I would say the key to a successful relationship is to be specific about needs and wants, and never infer, but if he can't communicate, that could be difficult. Still, I think it is important to try and to set plain communication as a foundation. Personally, I doubt that he actually hates talking to you, but that maybe conversation has become a minefield for him. The issue could be the topics you like (it is difficult for ASD individuals stay attentive to areas that don't interest them), the timing of when you want to talk, paying attention due to sensory distractions, feeling you need a certain response that he doesn't know how to give, etc. Perhaps one of the first conversations can be him trying to be specific about why conversation is hard for him, but in order for it to be productive you have to be able to take some negative comments without being hurt.

As for the constant criticism, I think it is best to discuss it out of the situation, and then agree to a signal or phrase you can use to signal to him in the moment that you just don't have mental space for the comment (reasons not important). He doesn't want to irritate you. He may want to be helpful, or it may be something he is OCD about. If you learn the things he is OCD about, for example, perhaps they can become tasks that automatically fall to him. Remember that, most likely, he isn't trying to hurt you or be critical, being blunt is simply how he is. Signals are a way of being unemotionally blunt back.


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14 Aug 2021, 3:04 am

Dump him. It's not worth it. Why do you want to live with someone who is constantly criticising you and who won't talk to you.

I live alone and it's awesome. I have pets who don't talk to me, but they're nice.



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14 Aug 2021, 9:49 am

hurtloam wrote:
Dump him. It's not worth it. Why do you want to live with someone who is constantly criticising you and who won't talk to you.

I live alone and it's awesome. I have pets who don't talk to me, but they're nice.

It's great that you can enjoy living alone.

But I really don't think our first reaction to someone's description of a relationship problem should be to advise breaking it up (except in cases of severe abuse, of course). Communication difficulties may (or may not) be fixable -- we don't immediately know whether they can be fixed or not, or whether they can be worked around even if they are not fully fixable.

It seems to me that break-up advice has become way too faddish in modern Western culture. I think it's better to ask lots of questions to clarify the situation first.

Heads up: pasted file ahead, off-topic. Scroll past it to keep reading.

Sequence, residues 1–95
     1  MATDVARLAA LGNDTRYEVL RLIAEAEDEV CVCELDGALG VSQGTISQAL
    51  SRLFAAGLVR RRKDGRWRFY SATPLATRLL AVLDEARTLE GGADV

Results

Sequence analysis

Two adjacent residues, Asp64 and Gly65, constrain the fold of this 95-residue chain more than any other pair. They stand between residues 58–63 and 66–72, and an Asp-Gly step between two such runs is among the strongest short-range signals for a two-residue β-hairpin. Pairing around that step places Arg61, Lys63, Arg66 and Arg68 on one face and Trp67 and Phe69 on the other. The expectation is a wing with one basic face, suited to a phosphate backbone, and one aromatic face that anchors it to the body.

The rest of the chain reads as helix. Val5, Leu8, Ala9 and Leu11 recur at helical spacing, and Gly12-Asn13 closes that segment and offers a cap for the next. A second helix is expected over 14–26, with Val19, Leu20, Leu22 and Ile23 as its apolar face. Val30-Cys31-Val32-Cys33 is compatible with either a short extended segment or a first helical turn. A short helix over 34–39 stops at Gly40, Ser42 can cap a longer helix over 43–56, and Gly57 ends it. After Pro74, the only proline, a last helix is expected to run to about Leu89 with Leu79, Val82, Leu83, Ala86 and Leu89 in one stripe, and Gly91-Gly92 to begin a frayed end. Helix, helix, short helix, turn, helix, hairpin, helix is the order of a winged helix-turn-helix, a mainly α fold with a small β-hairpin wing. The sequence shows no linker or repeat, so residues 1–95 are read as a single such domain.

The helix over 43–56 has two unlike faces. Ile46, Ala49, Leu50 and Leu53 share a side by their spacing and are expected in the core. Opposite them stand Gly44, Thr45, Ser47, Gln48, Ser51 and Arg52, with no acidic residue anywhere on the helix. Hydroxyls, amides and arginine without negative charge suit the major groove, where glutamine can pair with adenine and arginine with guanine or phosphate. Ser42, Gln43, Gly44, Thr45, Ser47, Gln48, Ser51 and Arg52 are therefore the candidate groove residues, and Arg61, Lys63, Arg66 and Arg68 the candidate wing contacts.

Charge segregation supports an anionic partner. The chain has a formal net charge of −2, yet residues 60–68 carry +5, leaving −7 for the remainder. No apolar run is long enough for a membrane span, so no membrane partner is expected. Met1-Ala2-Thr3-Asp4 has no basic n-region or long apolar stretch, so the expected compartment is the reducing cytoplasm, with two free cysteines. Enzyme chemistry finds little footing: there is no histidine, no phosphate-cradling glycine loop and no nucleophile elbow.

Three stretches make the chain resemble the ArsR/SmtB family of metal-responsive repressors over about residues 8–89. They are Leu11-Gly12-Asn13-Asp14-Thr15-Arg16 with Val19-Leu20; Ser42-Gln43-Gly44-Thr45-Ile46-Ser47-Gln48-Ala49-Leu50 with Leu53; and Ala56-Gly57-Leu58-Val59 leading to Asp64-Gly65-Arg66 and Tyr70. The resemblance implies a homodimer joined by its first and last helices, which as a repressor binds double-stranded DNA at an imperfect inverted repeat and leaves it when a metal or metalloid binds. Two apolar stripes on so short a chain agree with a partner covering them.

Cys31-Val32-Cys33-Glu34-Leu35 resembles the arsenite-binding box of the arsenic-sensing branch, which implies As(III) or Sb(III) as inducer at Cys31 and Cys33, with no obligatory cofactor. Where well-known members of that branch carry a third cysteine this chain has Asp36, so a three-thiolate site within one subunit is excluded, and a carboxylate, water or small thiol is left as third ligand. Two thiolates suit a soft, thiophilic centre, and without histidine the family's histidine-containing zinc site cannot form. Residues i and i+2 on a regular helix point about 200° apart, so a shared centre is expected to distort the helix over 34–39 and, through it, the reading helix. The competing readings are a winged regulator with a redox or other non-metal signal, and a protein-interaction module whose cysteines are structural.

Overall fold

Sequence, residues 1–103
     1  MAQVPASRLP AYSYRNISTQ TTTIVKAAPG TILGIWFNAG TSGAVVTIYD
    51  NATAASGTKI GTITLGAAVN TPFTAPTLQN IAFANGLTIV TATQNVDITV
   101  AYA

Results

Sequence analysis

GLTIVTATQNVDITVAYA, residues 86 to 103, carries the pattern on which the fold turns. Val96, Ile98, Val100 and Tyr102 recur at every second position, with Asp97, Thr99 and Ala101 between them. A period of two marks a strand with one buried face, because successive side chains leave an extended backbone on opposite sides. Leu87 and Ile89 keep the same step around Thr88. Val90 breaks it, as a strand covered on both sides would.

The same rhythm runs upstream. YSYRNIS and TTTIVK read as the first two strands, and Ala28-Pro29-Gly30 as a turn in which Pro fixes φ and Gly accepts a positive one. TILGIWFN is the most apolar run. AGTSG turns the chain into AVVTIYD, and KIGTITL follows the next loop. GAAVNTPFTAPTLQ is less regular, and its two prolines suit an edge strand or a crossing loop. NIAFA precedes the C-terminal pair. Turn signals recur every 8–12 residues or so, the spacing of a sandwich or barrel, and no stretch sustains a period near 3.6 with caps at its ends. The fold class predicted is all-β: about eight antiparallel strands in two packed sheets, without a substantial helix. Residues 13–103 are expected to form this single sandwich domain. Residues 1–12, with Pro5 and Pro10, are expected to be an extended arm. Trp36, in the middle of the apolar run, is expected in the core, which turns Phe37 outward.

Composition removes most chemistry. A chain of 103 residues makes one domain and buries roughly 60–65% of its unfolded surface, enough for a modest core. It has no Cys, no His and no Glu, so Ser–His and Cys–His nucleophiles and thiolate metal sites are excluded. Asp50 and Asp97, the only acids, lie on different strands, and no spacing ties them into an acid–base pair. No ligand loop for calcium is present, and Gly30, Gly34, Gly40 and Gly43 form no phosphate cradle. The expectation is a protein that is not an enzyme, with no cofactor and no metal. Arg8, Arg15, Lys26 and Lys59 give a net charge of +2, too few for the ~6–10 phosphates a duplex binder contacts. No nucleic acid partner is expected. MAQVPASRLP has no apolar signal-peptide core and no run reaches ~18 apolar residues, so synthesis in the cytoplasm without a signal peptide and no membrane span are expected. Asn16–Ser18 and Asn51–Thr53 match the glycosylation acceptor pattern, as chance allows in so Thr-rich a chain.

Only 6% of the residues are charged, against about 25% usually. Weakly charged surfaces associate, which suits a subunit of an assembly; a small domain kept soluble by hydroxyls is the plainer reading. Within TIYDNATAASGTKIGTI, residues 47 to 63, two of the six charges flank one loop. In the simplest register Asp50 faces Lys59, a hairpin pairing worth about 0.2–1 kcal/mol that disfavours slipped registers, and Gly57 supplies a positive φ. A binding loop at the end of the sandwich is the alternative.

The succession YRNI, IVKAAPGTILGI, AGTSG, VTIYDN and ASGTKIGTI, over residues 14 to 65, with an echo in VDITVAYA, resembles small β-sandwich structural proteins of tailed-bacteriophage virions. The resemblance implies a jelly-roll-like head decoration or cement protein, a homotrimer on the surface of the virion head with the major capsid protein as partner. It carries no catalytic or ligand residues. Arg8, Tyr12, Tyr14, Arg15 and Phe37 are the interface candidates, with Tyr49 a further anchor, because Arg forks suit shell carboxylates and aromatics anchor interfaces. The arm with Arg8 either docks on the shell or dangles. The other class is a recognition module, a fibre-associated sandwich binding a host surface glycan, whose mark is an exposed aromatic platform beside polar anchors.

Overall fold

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Last edited by Mona Pereth on 14 Aug 2021, 11:06 am, edited 1 time in total.

Mona Pereth
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14 Aug 2021, 11:03 am

Frustrated2015 wrote:
Looking for advice and similar stories. I have been with my partner for 7 years. He has highs and lows. He cannot communicate with me ( his own admission ) some social settings he struggles with. Is very robotic with emotions and finds them difficult to share.

Some autistic people are indeed like this. Many (not all) autistic people have alexithymia (difficulty naming feelings) to one degree or another. But not all alexithymic people are autistic. See articles about alexithymia here, here, and here.

Frustrated2015 wrote:
He is super critical of anything I do telling me how I should do it better. He hates talking to me and usually gives one word answers or wants to stop talking when I ask to talk about serious subjects. He loves facts and numbers. I’m really struggling - does this sound like a partner with autism?

Might be, although we're in no position to diagnose.

Anyhow, does he at least recognize that his communication difficulties are a problem? Would he willing to work on improving his communication abilities?

If possible, and if your partner is willing, it might be a good idea for the two of you to get couples counseling. Try to find a psychotherapist who is knowledgeable about both adult autism and alexithymia. (Such therapists will likely be hard to find, alas.)

Also, I think it's best not to put the onus all on him, but to work on improving your own communication abilities as well. (On my website I have lists of links to various tutorials on assertiveness and active listening, which perhaps you might find helpful.)


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kuze
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14 Sep 2021, 2:45 am

Frustrated2015 wrote:
Looking for advice and similar stories. I have been with my partner for 7 years. He has highs and lows. He cannot communicate with me ( his own admission ) some social settings he struggles with. Is very robotic with emotions and finds them difficult to share. He is super critical of anything I do telling me how I should do it better. He hates talking to me and usually gives one word answers or wants to stop talking when I ask to talk about serious subjects. He loves facts and numbers. I’m really struggling - does this sound like a partner with autism?


Yes it sounds like autism. I struggle in social settings, I have low empathy, I have been overly critical about how my partner does things, me wanting to show her a better way, I love facts and numbers, I have been diagnosed with Autistic Spectrum Disorder (ASD). As a mature adult I have now learned to be less critical and more loving. My conversation skills in relationships are better nowadays too.

However, it wouldn't be right to to say to your partner that you think they 'are' autistic or suffer from any other disorder; thats a psychologists job. Perhaps you could start by finding out the positive aspects of autism such as honesty, passionate about subjects, good memory skills, less materialistic, reliable, creative problem solving and high integrity for example. It may be useful to also ask him to do some online tests. This way you avoid having to base your conversation solely on the negative aspects. The next step would be finding out the benefits of a potential diagnosis, such as what support or benefits could be available thereafter. The doctor is a good starting point.

It wont be easy but it is likely to make you both stronger for the future.

kuze